Paprika is in the air is the title of a collection of essays, short stories and articles written by Zsigmond Móricz, early-20th century writer and columnist, which he wrote during his numerous visits to Szeged, Paprika Town. Many decades later the writings recreate Szeged people before the war, and the reader can’t help but marvel at the funny and witty conversations and the pious and canny view people in those days had on life and matters.
In 1940 Móricz goes to the Szeged central marketplace in front of the Town Hall, where he meets Auntie Agnes, a seventy-year-old street vendor, who buys and sells fruits and vegetables. Auntie Agnes never married but has many kins, nephews and nieces who she’s been helping out throughout her life. Whenever a relative was about to marry, she would gift a belonging from her household to the newly-wed couple: a table, a chair, bed linen, a chest of drawers, money.
At seventy, she feels she’s ready to retire and live on the little she’s saved and not given away. Relatives however continue to pour in, and Auntie Agnes continues to help out until a few years later when she finds she has hardly anything left. Well, almost nothing! She still has her old baskets left, nobody wanted those. So, she returns to the marketplace in front of the Town Hall to her old stand and to her old profession: selling fruits and vegetables. People she used to know from the old days greet her happily. The mayor, for instance, walks by and says:
“Good morning, Auntie Agnes! How are you?”
“Very well, love! And yourself? Going to the office?”
“Yes, Auntie Agnes, I am.”
“Well, God bless you and give you good health, sweetheart!” says Auntie Agnes cheerily to him.
When the policeman comes he scolds her for not knowing the new rule: street sellers must properly display the price of every product they sell on a pricetag. If they don’t do it, there’s a high fine to be paid. Auntie Agnes cannot read or write and asks the policeman to do the writing for her but she receives refusal: the young policeman is too busy and it is beneath him to help out. So, Auntie Agnes goes to the police station and pays the fine duly, though she clearly thinks it is absolutely unnecessary: what a big hassle for those small writings. She’d rather make sure to keep her fruits and vegetables nice and fresh.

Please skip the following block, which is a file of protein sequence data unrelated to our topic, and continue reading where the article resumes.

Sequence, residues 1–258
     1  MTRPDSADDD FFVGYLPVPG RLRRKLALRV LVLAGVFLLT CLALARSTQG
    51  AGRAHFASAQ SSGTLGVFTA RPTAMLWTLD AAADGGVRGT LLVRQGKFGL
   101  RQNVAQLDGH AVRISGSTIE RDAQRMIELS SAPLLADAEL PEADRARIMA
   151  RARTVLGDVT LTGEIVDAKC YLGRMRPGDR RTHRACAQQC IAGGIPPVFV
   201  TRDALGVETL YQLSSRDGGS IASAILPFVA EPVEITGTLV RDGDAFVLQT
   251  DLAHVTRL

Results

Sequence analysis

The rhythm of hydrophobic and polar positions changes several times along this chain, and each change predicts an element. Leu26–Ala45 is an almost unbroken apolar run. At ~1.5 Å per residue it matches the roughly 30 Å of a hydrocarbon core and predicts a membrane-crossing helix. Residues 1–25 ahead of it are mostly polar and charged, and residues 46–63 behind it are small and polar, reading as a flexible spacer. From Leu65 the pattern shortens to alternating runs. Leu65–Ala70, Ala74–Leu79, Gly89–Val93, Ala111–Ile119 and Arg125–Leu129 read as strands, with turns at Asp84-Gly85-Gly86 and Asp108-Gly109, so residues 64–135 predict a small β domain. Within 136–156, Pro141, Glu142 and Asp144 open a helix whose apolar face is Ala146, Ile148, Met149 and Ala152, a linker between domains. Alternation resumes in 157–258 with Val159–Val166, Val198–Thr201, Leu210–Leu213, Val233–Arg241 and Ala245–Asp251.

Days later the policeman revisits the marketplace and finds that Auntie Agnes still doesn’t display the prices. She gets a fine again, this time she needs to pay double the price of the first fine. She goes to the police station again where the officer questions her why she hasn’t displayed the pricetags. Auntie Agnes gives a clever answer:
“Oh, love, I would have liked to do it and asked the policeman and the sweeper to do it for me but they wouldn’t. They said they had better things to do than do the writing for me. So, I asked a young man, a student-looking young man to do the writing for me. And, he was kind enough to write the prices down for me.”
“And, didn’t he do it for you?”
“Yes he did, but I wish he hadn’t! People who walked past my stall and looked at my writing started laughing. So, I asked them what is so funny?”
“Auntie Agnes, just look at the writing on your strawberries. It says: This old woman is available for sale.”
The captain at the police station laughed so hard at this story that he decided to let Auntie Agnes go without a fine this time.
Is this story true? You bet it isn’t. Auntie Agnes would never have allowed anyone to make such a fool of her. However, she enjoyed the crack and she enjoyed making a fool of herself in order to avoid paying the fine.
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